Before employing activated carbon for bioremediation, a number of parameters need to be taken into account.
There are several kinds of activated carbon that are best for particular purposes. A few common types of activated carbon are:
Crushed or ground carbon particles with an average diameter of 0.15 mm to 0.25 mm make up powdered activated carbon (PAC). PAC can filter liquids and gases because it has a wide internal surface and a short diffusion distance.
Granulated activated carbon (GAC), which generally has bigger particles than PAC, GAC is helpful for cleaning water and is also present in deodorizing solutions.
Activated carbon that has been pelletized is made up of extruded cylinders with diameters ranging from 0.8 to 5 mm. The principal uses for these pellets in the gas phase are odor control and the removal of volatile organic compounds.
The most popular carbon-containing materials used to make activated carbon include coal, wood, and coconut shell. The characteristics of the resultant activated carbons can be significantly influenced by The source material.
For instance, the range of pore diameters of activated carbons from various source materials will differ.
Less than 2 nanometers in diameter are called micropores. A sheet of paper is 100,000 times thinner than one nanometer, for reference.
Mesopores range in size from 2 to 50 nanometers.
Macropores: a diameter of more than 50 nanometers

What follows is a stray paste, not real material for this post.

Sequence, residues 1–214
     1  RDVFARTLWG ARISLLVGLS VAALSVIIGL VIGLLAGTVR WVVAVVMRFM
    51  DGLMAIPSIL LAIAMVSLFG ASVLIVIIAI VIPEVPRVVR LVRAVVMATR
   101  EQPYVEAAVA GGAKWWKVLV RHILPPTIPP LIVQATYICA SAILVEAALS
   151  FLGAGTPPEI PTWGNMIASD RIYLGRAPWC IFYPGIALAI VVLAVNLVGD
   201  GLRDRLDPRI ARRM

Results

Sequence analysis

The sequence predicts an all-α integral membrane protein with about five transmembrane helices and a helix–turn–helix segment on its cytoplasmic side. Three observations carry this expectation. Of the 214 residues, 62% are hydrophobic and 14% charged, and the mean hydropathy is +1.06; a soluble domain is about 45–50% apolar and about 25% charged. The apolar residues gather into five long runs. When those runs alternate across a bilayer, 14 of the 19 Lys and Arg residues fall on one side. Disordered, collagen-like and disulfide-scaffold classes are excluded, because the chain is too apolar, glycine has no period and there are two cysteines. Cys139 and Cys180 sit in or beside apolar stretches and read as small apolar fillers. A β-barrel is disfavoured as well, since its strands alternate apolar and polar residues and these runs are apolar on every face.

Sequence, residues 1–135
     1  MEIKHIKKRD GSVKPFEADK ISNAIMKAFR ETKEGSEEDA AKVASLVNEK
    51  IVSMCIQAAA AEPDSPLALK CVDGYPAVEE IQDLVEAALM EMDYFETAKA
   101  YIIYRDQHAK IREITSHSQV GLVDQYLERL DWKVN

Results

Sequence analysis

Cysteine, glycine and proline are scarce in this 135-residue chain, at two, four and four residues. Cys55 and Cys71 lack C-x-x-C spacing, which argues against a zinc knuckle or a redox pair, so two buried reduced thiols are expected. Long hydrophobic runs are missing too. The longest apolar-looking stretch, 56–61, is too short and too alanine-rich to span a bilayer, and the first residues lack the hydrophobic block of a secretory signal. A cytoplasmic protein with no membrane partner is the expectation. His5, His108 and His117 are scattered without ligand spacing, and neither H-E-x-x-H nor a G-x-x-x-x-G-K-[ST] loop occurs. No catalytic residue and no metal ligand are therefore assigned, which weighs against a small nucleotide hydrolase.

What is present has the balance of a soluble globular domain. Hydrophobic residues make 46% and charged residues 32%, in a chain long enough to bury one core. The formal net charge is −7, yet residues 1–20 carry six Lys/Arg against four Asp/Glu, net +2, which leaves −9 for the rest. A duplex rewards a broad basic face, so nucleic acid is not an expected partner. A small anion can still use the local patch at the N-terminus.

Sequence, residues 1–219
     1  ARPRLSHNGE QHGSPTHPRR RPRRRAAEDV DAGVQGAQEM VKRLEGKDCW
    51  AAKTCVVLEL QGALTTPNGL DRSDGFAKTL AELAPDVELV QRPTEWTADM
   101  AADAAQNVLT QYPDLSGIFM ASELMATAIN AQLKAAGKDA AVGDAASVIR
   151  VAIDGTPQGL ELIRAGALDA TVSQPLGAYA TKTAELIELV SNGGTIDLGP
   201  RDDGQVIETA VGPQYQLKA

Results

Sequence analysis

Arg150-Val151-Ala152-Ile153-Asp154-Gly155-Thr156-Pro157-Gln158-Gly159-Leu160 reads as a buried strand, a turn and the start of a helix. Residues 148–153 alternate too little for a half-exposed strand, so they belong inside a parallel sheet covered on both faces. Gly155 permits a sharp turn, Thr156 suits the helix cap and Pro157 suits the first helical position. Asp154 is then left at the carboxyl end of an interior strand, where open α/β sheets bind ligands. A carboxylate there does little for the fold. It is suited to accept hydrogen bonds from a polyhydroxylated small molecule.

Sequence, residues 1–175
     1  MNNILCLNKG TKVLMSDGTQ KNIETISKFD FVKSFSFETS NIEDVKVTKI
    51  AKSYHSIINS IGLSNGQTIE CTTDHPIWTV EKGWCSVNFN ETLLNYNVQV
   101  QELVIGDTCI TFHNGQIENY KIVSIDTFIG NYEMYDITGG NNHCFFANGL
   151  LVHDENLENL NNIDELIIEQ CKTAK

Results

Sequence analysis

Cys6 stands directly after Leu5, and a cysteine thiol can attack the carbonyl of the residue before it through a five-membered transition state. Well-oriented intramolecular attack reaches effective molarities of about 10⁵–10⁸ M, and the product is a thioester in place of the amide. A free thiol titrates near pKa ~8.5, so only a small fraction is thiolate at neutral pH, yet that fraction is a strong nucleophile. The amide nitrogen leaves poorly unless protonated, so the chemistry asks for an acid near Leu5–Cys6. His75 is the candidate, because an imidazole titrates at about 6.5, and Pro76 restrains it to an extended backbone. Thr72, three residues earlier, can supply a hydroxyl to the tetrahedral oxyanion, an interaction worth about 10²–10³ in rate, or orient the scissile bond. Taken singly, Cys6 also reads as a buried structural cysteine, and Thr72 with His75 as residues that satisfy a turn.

A wide variety of pore sizes is used for water filtration because the pores may filter out particles of various sizes as the water passes through them.
Because coal-based carbons have a good balance of mesopores and micropores, they work well in a wide range of applications, including the treatment of surface water, wastewater, sludge removal, and odor control.
More mesopores and macropores are present in wood-based carbons, which makes them perfect for eliminating big molecules. This may be the case for groundwater, wastewater, and municipal water treatment, as well as food decolorization and odor control. Wood-based carbons may be obtained responsibly, unlike carbons derived from coal.
In addition, wood-based biochar is "more recommended than other synthetic materials like granular activated carbon and carbon nanotubes" for treating wastewater polluted with potentially harmful components, claims a review on the use of wood-based carbons for bioremediation. In one investigation, at high starting concentrations of chemical oxygen demand, phosphate, and ammonium, granular wood-based carbons showed a better adsorption capacity than granular activated carbon. The wood-based carbon's macropores, which prevent clogging and improve access to the material's micropores, which filter out smaller impurities, may be responsible for this performance.
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